Review: Diablo III: Reaper of Souls – Ultimate Evil Edition

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By now I’m guessing regular readers of this site would think I’m tired playing Diablo 3, having already reviewed the original PC release and its Reaper of Souls expansion. But I’m not. When I first played it on PC two years ago, I found the game to be a wonderful experience. Roll back to earlier this year when Reaper of Souls came out for PC alongside a huge patch overhauling many elements of the game, and Diablo 3 quickly became yet another addiction that was hard to walk away from. Now Blizzard has released the Ultimate Evil Edition (UEE) for current and last-gen consoles, further refining Reaper of Souls to yet an even better experience.

I didn’t play the initial console port of Diablo 3 when it was released on PS3 and 360 last year, so playing the game with a controller for the first time in the Ultimate Evil Edition was something that took a few minutes to get used to, but has quickly become a preference that I would love to see supported in the PC version (but realize it likely never will). Direct control of your nephalem of choice gives a great sense of movement and connection to the game that mouse and keyboard can’t replicate. Having not played a monk for any great amount of time on the PC, I opted to play one on the PS4 and found getting used to the skills took a little while. Since I don’t have any experience with the monk on PC, having the various attacks unlock and automatically map to the face buttons and triggers kept me from missing a beat. Playing this game with a gamepad controller just feels so good and natural. Adding the ability to roll dodge out of an enemy’s attack with the right analog stick adds a strategic element that is definitely lacking on the PC.

Loot drops from enemies like candy is showered upon attendees of a local parade, often and in great quantities. Managing loot in UEE is streamlined in such a way that worrying about the inventory is a thing of the past. The ability to mark items as junk and then go to either a vendor or Haedrig the blacksmith and choose the option to sell all junk (or salvage all) with the click of one button is pure genius. Similar to the PC version, UEE displays green up arrows or red down arrows to provide a quick glance at whether a piece of gear is better than what is currently equipped, and pressing Square allows for a deeper look at what specific stats are actually being improved or decreased. Like patch 2.0 on the PC, UEE offers gear drops more in tuned with the character being played, so there’s no more worrying about having an item drop that is high in Intelligence while rolling a character that benefits from high Dexterity. (The one downside to this is finding gear useful for the three companions, where gear for Strength or Intelligence rarely drops when playing a Monk.)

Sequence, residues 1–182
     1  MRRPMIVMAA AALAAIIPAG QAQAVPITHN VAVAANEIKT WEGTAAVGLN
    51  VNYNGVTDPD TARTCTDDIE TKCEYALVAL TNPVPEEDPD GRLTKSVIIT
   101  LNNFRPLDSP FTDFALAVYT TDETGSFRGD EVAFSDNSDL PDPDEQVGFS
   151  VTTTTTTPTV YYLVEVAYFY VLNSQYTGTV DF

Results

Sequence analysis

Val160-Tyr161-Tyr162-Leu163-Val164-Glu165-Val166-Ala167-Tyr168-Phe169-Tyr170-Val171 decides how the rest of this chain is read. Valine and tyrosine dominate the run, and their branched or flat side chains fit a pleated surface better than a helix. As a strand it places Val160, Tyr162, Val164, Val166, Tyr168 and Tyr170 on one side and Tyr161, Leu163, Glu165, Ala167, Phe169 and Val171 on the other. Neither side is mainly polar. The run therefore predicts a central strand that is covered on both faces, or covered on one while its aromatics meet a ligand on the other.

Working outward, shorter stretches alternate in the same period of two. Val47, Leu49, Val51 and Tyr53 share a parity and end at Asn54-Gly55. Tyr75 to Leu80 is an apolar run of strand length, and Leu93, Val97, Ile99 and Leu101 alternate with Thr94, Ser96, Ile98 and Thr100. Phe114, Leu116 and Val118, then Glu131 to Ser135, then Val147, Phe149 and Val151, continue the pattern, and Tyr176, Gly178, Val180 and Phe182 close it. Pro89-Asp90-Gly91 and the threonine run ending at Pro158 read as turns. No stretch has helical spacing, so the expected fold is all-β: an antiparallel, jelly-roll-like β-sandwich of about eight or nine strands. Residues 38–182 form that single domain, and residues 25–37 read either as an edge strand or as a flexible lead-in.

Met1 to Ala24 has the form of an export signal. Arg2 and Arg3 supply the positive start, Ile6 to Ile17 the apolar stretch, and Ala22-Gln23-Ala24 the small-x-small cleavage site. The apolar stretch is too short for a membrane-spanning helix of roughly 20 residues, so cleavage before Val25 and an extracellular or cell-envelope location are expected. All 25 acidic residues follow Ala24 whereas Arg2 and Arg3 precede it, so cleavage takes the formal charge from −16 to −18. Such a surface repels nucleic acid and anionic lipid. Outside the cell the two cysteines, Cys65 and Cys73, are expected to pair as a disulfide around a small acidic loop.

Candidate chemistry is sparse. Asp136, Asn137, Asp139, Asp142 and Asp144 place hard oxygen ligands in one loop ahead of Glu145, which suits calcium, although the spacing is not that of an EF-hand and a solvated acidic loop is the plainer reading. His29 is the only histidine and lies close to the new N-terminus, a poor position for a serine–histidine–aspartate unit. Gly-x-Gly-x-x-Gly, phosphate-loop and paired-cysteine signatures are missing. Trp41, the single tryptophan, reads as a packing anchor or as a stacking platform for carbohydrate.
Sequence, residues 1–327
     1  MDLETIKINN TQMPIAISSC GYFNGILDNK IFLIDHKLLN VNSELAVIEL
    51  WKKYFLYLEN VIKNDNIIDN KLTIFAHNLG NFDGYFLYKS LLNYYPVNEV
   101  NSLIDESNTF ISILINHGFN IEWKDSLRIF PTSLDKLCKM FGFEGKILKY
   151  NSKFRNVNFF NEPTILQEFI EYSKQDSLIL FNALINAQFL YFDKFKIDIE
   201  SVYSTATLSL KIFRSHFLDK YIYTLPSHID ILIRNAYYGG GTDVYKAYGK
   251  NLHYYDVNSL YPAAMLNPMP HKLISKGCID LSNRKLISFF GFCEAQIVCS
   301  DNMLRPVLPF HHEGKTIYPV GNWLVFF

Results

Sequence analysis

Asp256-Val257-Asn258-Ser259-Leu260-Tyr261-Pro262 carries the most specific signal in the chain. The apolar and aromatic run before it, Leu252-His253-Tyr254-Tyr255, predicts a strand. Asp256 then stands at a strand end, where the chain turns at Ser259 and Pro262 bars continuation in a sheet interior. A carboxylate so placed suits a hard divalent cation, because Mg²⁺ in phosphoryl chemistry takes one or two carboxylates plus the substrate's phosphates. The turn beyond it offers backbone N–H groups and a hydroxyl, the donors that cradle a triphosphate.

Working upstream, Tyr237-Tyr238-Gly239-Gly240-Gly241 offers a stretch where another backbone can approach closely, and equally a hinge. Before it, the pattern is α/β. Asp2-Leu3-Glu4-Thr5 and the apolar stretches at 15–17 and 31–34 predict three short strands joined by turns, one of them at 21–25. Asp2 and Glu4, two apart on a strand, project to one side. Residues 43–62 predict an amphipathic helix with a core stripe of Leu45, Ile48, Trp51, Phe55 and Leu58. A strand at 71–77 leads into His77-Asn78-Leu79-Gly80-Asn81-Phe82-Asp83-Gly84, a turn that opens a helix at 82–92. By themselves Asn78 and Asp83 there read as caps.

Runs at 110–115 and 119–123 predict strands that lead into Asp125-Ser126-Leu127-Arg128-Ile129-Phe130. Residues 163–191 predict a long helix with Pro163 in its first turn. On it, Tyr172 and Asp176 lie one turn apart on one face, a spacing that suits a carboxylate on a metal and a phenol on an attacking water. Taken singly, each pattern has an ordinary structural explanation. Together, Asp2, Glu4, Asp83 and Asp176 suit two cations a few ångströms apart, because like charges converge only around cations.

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Several other features are brand new to the console-only Ultimate Evil Edition. First up, Blizzard has implemented a mail system where items can be gifted to other gamers on your friend list. What is really neat about this is when a boss or Nemesis battle occurs (more on that in a moment) a chance for legendary items to drop as a gift is pretty high. Once the gift loot is collected, a simple “send now” button from anywhere in the game immediately sends off to a friend. It is pretty awesome to play the game for a while, take a break for a day or two, and then come back to find four or five legendary items appear in the mail.